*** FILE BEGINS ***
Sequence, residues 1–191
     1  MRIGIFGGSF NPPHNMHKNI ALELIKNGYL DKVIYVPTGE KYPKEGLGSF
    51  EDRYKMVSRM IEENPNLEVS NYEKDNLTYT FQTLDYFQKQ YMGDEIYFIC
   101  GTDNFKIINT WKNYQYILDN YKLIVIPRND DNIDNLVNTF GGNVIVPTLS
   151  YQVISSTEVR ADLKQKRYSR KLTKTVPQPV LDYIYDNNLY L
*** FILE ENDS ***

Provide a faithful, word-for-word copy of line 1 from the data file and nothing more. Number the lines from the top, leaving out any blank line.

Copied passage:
Sequence, residues 1–191